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Regardless of whether you are a fashionista who loves to try new styles or you prefer to have a select number of outfits for each day of the week we all have fashion favourites that dominate our wardrobe. Most of us are drawn to particular themes, colours and designs that inevitably define our overarching style. We’ve all had an outfit pointed out by our fiends as ‘a very you’ outfit. Before designing your own brand it is important to inject ‘you’ into your line but it is equally as significant to think about your demographic. The combination of your own style and knowing your market will help you to decide on a theme for your clothing line. Think about how you want your brand to be perceived by your consumer. Do you want to promote sustainability over fast fashion? Perhaps you want to create a style that you feel is currently missing from the fashion industry. It may help you to consider the brands that you are drawn to and what it is that defines their style.


Bohemian dressing is an example of a distinct fashion trend. Today ‘Boho’ fashion signifies a revival of 60s and early 70s style. If you are looking to build a fashion brand that is kind to the environment then this may be a theme to consider as Bohemian style is often focused on using natural and more sustainable fabrics. Specific looks may include peasant blouses, free-flowing dresses and tie-dye denim. This look is focused on a hippie style that reflects an idyllic world of love, peace and happiness.


Punk fashion derived from the 70s punk rock movement that exuded bold, loud and abrasive statements. A brand reaching this particular target market requires a distinctive edge, producing vivid garments by using metallic colours, leather look fabrics, band t-shirts and leopard print. Punk style centres on rejecting the status quo, therefore you will need to think outside of the box when designing your garments and conduct extensive research into fashion trends to ensure that your brand does not follow the crowd.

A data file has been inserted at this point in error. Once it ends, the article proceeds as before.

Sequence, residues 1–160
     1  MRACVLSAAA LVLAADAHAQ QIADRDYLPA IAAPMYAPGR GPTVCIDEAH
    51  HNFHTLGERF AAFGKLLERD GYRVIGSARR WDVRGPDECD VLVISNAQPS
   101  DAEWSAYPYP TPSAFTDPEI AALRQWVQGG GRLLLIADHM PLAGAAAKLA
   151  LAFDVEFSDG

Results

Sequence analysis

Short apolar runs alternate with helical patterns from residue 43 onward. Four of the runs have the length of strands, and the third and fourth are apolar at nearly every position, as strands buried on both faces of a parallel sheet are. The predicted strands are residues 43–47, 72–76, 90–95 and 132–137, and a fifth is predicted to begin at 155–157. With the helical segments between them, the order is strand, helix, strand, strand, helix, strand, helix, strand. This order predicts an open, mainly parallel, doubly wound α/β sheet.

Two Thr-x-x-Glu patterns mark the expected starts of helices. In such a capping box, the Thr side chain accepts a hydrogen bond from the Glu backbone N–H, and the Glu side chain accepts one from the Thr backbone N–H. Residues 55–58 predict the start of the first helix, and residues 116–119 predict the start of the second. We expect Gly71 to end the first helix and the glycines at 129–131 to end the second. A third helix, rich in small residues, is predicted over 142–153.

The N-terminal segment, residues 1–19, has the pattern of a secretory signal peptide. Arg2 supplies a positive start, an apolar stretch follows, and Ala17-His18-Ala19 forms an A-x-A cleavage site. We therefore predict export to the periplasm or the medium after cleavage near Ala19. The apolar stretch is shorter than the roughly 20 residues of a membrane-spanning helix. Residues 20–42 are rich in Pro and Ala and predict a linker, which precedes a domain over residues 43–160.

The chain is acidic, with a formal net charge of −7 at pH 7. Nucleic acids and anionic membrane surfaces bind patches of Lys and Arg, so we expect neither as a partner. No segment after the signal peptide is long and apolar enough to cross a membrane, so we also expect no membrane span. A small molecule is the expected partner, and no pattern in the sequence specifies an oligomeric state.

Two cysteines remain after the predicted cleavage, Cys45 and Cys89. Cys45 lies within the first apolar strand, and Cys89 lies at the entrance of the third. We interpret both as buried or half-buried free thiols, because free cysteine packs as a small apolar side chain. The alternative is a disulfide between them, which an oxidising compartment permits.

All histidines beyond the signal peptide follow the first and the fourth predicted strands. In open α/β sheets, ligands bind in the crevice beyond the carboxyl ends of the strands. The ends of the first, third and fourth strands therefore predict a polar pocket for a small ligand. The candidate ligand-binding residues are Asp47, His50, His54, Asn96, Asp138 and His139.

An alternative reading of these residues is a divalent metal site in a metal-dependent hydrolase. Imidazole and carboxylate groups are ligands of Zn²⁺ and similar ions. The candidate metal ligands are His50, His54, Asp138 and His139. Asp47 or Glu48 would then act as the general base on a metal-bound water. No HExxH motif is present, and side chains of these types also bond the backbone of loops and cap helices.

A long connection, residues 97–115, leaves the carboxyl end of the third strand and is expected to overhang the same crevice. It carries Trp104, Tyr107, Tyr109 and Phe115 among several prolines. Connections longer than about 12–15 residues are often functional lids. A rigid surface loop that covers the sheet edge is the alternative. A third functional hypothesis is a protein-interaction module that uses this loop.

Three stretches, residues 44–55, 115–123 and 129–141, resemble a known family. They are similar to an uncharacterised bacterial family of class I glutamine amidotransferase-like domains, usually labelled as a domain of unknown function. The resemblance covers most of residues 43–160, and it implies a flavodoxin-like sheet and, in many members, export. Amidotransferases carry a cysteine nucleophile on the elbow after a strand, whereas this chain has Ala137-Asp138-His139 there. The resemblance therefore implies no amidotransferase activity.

Art school

The arty fashionista is likely to be drawn to vivid colours, wide brush strokes and mixing and matching daring designs. They reject textbook dressing and create their own looks, unafraid to stand out from the crowd. This style rejects the conventional conservative trends in favour of independent choices.

Classic chic

If your target market is the chic and stylish individual, selecting classic and timeless garments for your brand may be the right option for you. If your brand is focused on avoiding fast fashion and trends you may wish to produce a select number of high-quality products that are considered to be wardrobe stables. Examples of such clothing today include a classic white shirt and a well-tailored blazer. If your adopting a classic chic look then your brand will most likely follow a monochromatic colour scheme with clean lines.


Vintage clothing is continually gaining popularity and is now a huge part of mainstream fashion. The cyclical nature of fashion means that clothes never really outdate. The looks that we see today are essentially a repeat of those worn yesterday. Vintage pieces are a great option if you want to develop a nostalgic clothing line that applauds and rejuvenates past trends. If you are thinking of incorporating vintage clothing into your fashion brand it may be worth doing your research into sourcing vintage fabrics and recycled clothing. This is a particularly appropriate fashion style if sustainability is a priority for your brand.

Deciding on a style that defines your brand is an integral stage of developing your clothing line. Considering your own personal taste and that of your target market will lead you selecting the ideal style for your line, allowing consumers to know who you are and what your brand stands for.

By Taylor-Ann Vaughan

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